What about kids? This part of the research gives us a nice little argument if you want a reason to stay childless. Apparently people with kids think they are super happy. But when you rig them up with little devices to wear, and ask them at odd intervals every day to report right now how they are feeling, then the research shows they are pretty miserable.

The research showed happiness bought about by raising kids on a day-to-day basis ranks slightly above housework, but below watching TV or eating. Shocking facts. The lecture did go into detail about how we deceive ourselves otherwise about children if we do have them, but it’s not really relevant for most of us – although it’s very funny, so if you do have kids and want a laugh then let me know!

So what about relationships? Here the research did show that being coupled up is better for your happiness than being single. Not by leaps and bounds mind you, and once you take into account the supposed misery that children cause a couple, you could argue that perhaps being single is better than having kids. There is also quite a drop in happiness after marriage for any couple, so you could also console yourself with the idea that staying at your level of happiness single may be better than a huge peak and drop when you couple up and the honeymoon period ends!

And if any of this gets you down then don’t worry – in the weeks to come I’ll give you a number of ways to increase your happiness, regardless of relationship status!

Tell us what makes you happy.

Photos courtesy of Josephine Ki, Morgan Carpenter and Alison Bennett.

Other articles in the happiness series:
The Cheat’s Guide To Happiness.
Come On, Get Happy!
Goodwill Hunting.

Comments arrow left
Christian Taylor

Christian Taylor said on the 3rd Jun, 2008

What makes me happy? The unexpected stuff I guess. The less obvious things. A night at home with friends and a bottle of wine. Laughter. Instead of wanting to own property, I'm more inclined to NOT want to own it. I prefer freedom, flexibility... The little things. I've always loved this saying - 'the fool seeks happiness in the distance, the wise man grows it under his feet'. I think there's so much wisdom in that.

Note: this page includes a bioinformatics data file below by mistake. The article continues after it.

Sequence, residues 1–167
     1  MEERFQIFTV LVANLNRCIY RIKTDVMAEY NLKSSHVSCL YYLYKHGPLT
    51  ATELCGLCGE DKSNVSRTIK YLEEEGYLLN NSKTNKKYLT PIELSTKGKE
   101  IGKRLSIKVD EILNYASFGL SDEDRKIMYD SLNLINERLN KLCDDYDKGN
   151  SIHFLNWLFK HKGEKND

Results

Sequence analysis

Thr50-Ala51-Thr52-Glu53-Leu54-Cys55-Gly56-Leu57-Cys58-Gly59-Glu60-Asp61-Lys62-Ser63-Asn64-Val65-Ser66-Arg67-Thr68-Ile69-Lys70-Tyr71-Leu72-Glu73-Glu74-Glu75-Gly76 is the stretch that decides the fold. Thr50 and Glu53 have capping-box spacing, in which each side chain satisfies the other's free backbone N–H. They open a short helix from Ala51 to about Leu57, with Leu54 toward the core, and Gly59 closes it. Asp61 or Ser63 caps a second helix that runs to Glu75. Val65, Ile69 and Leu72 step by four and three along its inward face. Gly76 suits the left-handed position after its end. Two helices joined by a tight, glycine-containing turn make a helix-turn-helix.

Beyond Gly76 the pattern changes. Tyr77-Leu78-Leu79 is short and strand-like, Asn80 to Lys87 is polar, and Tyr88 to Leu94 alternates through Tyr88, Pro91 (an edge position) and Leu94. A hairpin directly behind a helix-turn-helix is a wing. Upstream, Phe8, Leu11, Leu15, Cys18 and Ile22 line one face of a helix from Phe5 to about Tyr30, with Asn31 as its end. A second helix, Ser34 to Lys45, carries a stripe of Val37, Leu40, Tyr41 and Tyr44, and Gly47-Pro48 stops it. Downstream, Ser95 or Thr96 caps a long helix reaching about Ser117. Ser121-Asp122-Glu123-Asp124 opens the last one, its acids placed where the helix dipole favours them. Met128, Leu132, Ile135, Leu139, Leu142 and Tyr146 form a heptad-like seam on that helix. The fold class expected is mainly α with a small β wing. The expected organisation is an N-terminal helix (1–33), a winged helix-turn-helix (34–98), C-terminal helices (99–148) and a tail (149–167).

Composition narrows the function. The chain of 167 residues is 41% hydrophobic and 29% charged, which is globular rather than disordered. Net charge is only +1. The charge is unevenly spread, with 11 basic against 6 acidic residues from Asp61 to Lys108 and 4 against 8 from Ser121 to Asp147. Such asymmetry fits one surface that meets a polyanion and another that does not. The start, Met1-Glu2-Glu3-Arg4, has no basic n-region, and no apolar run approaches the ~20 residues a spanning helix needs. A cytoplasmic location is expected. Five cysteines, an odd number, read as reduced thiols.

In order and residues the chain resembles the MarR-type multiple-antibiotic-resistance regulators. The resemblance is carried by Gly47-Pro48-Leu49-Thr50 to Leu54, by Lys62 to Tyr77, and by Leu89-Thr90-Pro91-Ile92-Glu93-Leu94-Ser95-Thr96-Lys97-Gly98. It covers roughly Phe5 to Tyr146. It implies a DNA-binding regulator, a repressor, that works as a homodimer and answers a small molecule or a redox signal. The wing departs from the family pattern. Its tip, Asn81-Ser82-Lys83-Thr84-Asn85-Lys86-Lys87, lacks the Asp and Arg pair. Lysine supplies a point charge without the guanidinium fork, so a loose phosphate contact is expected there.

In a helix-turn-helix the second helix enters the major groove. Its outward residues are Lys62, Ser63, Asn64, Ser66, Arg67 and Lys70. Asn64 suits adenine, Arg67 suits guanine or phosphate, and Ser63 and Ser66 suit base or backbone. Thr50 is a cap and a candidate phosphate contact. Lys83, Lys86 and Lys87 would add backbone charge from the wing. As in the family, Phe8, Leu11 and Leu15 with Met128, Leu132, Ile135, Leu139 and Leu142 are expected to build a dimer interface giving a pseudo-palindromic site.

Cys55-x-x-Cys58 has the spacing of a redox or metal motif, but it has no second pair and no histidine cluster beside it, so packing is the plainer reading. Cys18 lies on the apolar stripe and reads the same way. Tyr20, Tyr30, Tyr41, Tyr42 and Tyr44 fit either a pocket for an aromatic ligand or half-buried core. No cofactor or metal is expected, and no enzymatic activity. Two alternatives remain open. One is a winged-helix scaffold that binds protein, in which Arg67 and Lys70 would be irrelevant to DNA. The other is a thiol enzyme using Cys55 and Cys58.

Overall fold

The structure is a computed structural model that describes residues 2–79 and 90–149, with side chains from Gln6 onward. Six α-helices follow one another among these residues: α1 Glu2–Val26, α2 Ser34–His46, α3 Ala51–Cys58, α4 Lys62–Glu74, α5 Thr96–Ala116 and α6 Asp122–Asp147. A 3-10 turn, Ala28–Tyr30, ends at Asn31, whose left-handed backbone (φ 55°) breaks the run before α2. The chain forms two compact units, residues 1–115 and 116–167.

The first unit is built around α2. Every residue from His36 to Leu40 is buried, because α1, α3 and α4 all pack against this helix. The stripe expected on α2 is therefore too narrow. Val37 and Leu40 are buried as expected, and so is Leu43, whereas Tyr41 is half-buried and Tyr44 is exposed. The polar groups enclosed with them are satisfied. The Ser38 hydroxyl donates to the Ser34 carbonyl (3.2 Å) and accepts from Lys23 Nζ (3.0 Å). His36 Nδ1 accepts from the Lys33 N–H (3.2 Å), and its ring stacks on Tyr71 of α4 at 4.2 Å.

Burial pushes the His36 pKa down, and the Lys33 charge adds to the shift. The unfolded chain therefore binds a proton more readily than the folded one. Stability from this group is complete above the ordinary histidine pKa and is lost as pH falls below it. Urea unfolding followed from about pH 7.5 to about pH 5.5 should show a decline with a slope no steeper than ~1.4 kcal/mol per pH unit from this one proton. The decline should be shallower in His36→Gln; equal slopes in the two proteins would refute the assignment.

marly said on the 3rd Jun, 2008

Sorry but can somebody please pass the bucket. Think Id rather go to a "its cool to fail and feel like shit" workshop.


jasn_REMOVED said on the 3rd Jun, 2008

I'd be ok with the bleak winter if only we had a half decent summer :)

Myself, tend to aim for contentment rather than happiness.


robbie said on the 3rd Jun, 2008

I'm with you Christian.. it's certainly the aquarian in us.. I search for happiness in experiences, memories, not necessarily material things.

Tim D

Tim D said on the 3rd Jun, 2008

This is totally fascinating Jody, I look forward to reading the next few stories of this.

I truly think that the meaning of life if figuring out how to be happy, and then passing on how you figured it out to somebody else, be it children, friends, whatever.


DavidL said on the 3rd Jun, 2008

I think this is pretty interesting stuff! I remember reading bits about this in the SMH.

For me, I equate (long term) happiness with a sense of fulfillment. Knowing that I'm doing something that has meaning and purpose and that I'm making a difference to those I care about and the things that matter to me. It's discovering what this is exactly that's difficult. Jody, I hope you've got some answers!! :)


Thrawn04 said on the 3rd Jun, 2008

Very interesting! Thanks for sharing this with us.


natejd87 said on the 3rd Jun, 2008

That was really interesting..

Anthony Mahera

Anthony Mahera said on the 4th Jun, 2008

What makes me happy?

1. Sex
2. Ice cream
3. Running in my speedo's/aussiebum in the rain
4. Sleeping in
5. Eating good food